In the HUM Sequence, I benefited from many professors’ ideas on how to approach close-reading ancient texts with a modern lens; all urged me to be unafraid reading with a more feminist lens even if the times of the text’s writing would not have accepted a feminist perspective. Thus, I examined each word, noticing the careful identity Ovid constructs and then destroys for Callisto. I took out a pen and wrote down all my observations on word choice, metaphors, imagery, and the like; by the end of the exercise, the page was full of blue arrows, circles, and notes. This detailed approach ultimately greatly aided my writing. Once I finally opened the Google doc, the process was rapid, and I found myself loving the work. When I later consulted with professors Baraz and Feeney for feedback on my thesis, I was pleased to hear that, for the first time, my analysis was becoming sufficiently sophisticated.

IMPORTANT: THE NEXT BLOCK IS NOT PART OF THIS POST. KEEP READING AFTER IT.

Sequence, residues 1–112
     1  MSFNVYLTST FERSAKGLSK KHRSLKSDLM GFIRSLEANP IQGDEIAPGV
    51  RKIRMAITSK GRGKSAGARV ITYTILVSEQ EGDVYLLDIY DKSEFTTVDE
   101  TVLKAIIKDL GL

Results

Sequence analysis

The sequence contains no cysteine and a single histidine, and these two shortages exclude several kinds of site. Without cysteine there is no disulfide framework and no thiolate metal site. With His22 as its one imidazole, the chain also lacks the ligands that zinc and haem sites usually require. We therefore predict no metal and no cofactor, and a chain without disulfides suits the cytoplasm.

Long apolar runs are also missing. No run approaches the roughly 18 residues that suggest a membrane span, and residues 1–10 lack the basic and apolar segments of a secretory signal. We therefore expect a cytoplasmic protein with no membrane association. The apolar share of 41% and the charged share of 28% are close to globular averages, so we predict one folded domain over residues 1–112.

Throughout the Sequence, I struggled with whether my impulse towards gender-oriented passages was legitimate. I did not necessarily hear the same inclination from other students, and I wondered whether I was just taking the easy way out. However, I think that it was my genuine interest in the theme that allowed me to inspect the text so closely.
Editor Commentary / Annabelle Duval